DIY-Summer Shorts

Hey Cats!

As I mentioned last week, “re-purposing shorts” has been on my to-do list for two summers now. I bought all the supplies last year, but I never quite got around to making them. This summer, I was determined to finish (and start) the project. Before we go any further, let me be frank. This isn’t really going to be a detailed tutorial on how to embellish your denim shorts. I forgot to take too many crucial photographs along the way, and honestly, my mom did most of the sewing for me. Sewing isn’t really my thing. I wish it was, but I just can’t do it and I don’t really know why. This post serves as inspirational rather than instructional. That being said, you may be able to pick up a few tips along the way!

First, gather your supplies. You will need an old pair of jeans, (or capris, or shorts!) fabric, and embellishments of your choice. I chose these capri pants I’ve had since maybe about the eighth grade. A good tip from my friend China (we’ve been friends since before the eighth grade) is to get your jeans (if you’re buying them from a thrift store) a size larger so they will fit like shorts in the legs, instead of tight like jeans! I also chose a tribal-print fabric for an extra summery vibe, silver studs, and giant gold rick-rack that I ended up not using.

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Next, cut a considerable amount off of your pants. Cut them longer than you think you’ll want them, because you can always cut off more, but you can’t add it back! This is also the time to decide whether or not you want to hem or cuff the edges, or leave them to fray, because this will have an effect on the length. I cut one side, then folded it over to cut the other side, to make sure they were even.

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Next, cut your fabric to fit where you’re going to place it. I chose to do a panel of fabric on the front right side, and on the back left pocket. You’ll want to cut it a bit larger on each side so you can iron a small fold to avoid fraying ends. You can see on the pocket picture that it doesn’t fit-this picture was taken before I enlisted the help of my mother. I re-cut the fabric for the pocket, using parchment paper to trace the pocket as a pattern. Basically, if my mom didn’t help, I probably wouldn’t have finished these.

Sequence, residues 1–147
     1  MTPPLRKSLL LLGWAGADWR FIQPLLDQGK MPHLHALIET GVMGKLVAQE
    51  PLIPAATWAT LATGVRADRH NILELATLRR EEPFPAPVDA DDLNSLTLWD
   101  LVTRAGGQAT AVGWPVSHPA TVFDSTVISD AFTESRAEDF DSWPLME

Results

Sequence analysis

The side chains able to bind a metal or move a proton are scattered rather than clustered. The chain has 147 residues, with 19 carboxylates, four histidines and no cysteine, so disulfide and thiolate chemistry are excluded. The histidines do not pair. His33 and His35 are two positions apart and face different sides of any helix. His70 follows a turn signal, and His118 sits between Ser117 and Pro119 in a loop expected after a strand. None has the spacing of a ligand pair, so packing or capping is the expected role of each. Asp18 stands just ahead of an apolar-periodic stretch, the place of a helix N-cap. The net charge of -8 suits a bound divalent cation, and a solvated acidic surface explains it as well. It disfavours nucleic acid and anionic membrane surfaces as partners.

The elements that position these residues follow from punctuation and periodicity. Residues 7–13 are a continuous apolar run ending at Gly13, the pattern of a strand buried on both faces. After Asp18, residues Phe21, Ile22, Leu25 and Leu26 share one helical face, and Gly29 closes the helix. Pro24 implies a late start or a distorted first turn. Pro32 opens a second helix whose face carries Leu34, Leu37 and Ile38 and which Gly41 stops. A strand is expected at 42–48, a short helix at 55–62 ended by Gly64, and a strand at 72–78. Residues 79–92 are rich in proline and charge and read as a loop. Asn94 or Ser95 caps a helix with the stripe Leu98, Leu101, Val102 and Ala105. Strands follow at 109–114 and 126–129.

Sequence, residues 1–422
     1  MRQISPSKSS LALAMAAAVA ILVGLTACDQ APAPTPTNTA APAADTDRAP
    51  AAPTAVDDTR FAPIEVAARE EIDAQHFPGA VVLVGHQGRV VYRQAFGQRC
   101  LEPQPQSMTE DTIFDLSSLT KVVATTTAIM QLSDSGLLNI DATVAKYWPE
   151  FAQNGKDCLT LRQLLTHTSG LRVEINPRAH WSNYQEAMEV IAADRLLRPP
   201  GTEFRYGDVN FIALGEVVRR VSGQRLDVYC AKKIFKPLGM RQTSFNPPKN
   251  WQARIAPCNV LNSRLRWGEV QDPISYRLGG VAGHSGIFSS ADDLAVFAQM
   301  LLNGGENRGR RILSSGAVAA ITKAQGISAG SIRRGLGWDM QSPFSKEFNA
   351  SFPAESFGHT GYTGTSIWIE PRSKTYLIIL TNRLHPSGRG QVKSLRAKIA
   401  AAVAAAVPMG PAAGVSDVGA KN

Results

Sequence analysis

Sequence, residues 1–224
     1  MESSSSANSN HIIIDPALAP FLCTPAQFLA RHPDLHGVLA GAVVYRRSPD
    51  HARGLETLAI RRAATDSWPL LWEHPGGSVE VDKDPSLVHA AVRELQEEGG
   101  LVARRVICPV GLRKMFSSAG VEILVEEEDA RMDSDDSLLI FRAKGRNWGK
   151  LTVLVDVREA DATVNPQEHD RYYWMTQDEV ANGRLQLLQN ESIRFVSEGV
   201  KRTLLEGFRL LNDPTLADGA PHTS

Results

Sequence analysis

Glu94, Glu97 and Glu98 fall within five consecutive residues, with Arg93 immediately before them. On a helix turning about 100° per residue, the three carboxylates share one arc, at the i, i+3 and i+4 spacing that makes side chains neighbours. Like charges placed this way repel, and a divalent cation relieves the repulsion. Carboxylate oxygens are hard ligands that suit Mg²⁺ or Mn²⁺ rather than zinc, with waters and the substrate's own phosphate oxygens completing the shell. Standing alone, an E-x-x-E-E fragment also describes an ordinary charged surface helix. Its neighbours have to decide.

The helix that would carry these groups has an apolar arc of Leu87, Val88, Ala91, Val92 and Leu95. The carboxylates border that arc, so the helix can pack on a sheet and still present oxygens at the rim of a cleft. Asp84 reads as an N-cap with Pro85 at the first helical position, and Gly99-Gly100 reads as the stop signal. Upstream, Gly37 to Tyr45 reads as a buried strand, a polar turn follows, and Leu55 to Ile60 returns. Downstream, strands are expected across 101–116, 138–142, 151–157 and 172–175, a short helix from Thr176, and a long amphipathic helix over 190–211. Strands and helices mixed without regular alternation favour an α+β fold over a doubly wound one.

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Next, sew it on! I have little to no advice when it comes to working a sewing machine, so you’ll have to find someone else to help you with that if you don’t know how either. Godspeed.

Here’s the finished product! You can see on the opposite pocket that I inserted a few of the studs. I might add more later, but it was kind of hard so I gave up.

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I chose to roll the ends, but you could either hem them, leave them to fray, or add trim! If you do roll them, I would suggest tacking them so they don’t come unrolled.

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I’m really pleased with how these turned out, and I’m excited to wear them! I think they would look cute with either a solid tee or a flowy tank.

Hopefully you gained a few tips or a little inspiration for your own denim upgrade!

That’s all for meow!

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DIY- Ribbon Board Re-Do

Hey Cats!

In 21 days, I will be moving back to the Promised Land, into a house with three other girls. And I am SO EXCITED. Since I’m transitioning from the dorm to a real house, I’ve changed things up a little bit, including the color scheme of my room. You may remember that I went with a beach theme in the dorm, light blues, greens, coral, etc. This time around, I’ve decided to go with light blue, gray, and dark purple. I’ve been able to keep a lot of my blue stuff, like my bedspread, pictures, lamps, and pillows. I’ve also decided to re-do a couple of things I already had. I didn’t want to part with some of it, and I still needed some, so instead of spending lots of money on buying new things, I spent a little money on updating them! One of the things I had that I absolutely loved and did not want to get rid of was a memory board my aunt made for me. I love pictures, so I obviously can’t do without one of these. The only problem was that it was lime green, which totally doesn’t match my room anymore. So I got some new fabric & ribbon, and an hour or so later, I had an updated version of one of my dorm room faves!

This is what I started with. Isn’t it cutie? Sadly, not with purple and blue.

Here’s what you will need:
-1 memory board (Mine is made out of one of those posterboards with the foam and a thin layer of cotton quilt batting. If you have one you bought from somewhere, you could still try this, but it will probably be more difficult to take apart, but I have faith in you. Just don’t injure yourself. OR if you want to make one, just get one of the posterboards mentioned above & some quilt batting!)
– Enough fabric to cover the front of the board. I used 1/2 of a yard, and have plenty left over to make pillows with!
-Ribbon. I just used one spool, but I probably should have used two.
-Brads, furniture tacks, or buttons. I used some really cute brads from the scrapbooking section in Hobby Lobby.

I hadn’t bought the brads yet. Sorry. Also, that’s my favorite nail polish.

Here’s what you do:

1. First, remove all the buttons or tacks from the board. Mine were buttons, so it was fairly easy to just cut them off, but if yours has tacks, it might be a little harder.
2. Second, using a staple-puller, flat screwdriver (what I used), scissors, or your fingernails (which I wouldn’t reccommend, then they’ll look like crap), remove the ribbon. Make sure you don’t accidentally remove the staples that are holding down the fabric, just the ribbon!